It’s not too early to start preparing for the future of yourself and your loved ones. The first step you will need to take is to evaluate your situation and then develop a strategy that helps meet your needs. When you create your estate plan, consider the following factors:
A Will describes how your assets will be divided and distributed at your death. This document also names the persons who will manage your estate at your death. It is important to note that a Will governs the disposition of assets held in your individual name only. It does not govern assets held as “joint tenants” or those that designate a beneficiary. However, a Will can help ensure that your individually owned assets transfer at your death as you intended.
Revocable Living Trust
Often you can use a Will in conjunction with a Living Trust. You can create this trust during your lifetime for your own benefit. At your death, the trust will distribute your assets in the same way a will does, but without the high degree of court involvement. You may want to consider establishing a Living Trust if you want to:
- Avoid probate
- Create long-term trusts for your heirs
- Protect assets should you become incapacitated or eventually need help managing your financial affairs
Assets that designate a beneficiary, such as life insurance policies or retirement assets, will pass automatically at your death to the designated beneficiary, regardless of your Will or Living Trust. As a result, take time to review these designations to help make sure they are consistent with your overall estate plan and personal goals.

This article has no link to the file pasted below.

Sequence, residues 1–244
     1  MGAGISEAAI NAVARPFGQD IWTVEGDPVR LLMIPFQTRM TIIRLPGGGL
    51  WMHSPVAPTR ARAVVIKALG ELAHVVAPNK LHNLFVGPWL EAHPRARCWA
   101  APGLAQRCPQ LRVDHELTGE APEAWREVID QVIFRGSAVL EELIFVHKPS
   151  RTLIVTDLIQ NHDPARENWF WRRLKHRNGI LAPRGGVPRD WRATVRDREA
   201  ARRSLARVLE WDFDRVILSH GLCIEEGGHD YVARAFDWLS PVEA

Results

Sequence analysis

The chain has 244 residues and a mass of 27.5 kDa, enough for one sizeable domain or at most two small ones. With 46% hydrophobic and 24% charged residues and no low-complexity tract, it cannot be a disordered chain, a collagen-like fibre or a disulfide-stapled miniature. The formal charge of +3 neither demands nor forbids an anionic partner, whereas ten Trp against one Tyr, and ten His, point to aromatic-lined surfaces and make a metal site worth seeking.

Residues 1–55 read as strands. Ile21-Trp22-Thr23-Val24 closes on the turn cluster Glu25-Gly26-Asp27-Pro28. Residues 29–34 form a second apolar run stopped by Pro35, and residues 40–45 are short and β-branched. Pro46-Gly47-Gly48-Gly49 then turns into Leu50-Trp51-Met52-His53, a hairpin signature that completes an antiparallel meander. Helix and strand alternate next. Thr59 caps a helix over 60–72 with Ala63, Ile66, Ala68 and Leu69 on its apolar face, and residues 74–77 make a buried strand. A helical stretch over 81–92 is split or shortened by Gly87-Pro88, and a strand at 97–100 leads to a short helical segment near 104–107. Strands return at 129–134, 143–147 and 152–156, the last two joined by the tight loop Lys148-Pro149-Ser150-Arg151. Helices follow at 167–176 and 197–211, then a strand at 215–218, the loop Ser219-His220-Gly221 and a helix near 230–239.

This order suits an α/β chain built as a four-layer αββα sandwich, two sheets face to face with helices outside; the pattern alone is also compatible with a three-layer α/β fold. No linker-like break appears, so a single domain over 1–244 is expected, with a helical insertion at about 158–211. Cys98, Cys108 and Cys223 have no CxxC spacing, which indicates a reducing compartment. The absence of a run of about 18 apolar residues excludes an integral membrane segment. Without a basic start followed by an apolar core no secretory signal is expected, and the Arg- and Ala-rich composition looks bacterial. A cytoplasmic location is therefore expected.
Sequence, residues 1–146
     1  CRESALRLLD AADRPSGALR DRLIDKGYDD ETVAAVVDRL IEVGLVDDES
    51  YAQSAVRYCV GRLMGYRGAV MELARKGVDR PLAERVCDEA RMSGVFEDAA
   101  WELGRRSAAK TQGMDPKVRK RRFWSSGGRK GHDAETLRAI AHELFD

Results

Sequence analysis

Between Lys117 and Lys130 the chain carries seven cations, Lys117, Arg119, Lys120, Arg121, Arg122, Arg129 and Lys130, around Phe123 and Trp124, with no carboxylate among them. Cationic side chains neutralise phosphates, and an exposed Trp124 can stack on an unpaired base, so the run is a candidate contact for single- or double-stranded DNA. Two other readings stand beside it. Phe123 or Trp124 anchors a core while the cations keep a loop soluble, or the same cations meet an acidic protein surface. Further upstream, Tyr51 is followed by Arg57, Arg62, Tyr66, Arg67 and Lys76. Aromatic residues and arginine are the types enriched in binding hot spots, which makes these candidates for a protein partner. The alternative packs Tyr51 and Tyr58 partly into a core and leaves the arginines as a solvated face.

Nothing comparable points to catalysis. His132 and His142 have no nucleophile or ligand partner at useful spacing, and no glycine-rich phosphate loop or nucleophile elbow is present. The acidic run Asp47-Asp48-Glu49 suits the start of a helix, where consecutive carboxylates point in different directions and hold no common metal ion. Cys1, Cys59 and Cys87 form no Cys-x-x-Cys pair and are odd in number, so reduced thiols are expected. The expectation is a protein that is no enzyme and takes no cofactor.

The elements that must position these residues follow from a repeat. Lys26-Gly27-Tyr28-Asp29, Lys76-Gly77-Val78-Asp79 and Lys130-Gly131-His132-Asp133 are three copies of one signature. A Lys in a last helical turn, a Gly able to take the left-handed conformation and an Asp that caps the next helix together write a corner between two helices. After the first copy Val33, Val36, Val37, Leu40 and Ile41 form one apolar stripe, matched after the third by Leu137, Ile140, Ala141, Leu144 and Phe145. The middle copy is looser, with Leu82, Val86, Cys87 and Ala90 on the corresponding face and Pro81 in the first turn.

Durable Power Of Attorney
With a Durable Power of Attorney, you designate an individual to make financial decisions on your behalf with respect to your individually owned assets. The power of attorney may be broad, or you may want to limit the powers that you grant to such an individual. If you already have a Power of Attorney that was created prior to October 1, 2011, you may want to have an attorney review it. The laws regarding these documents have been changed.
Health Care Directive/Living Will
With these documents, you name your health care agents to act on your behalf for medical treatment decisions if you are unable to act for yourself. These documents also express your specific wishes with respect to the administration of life-prolonging procedures when you can no longer communicate.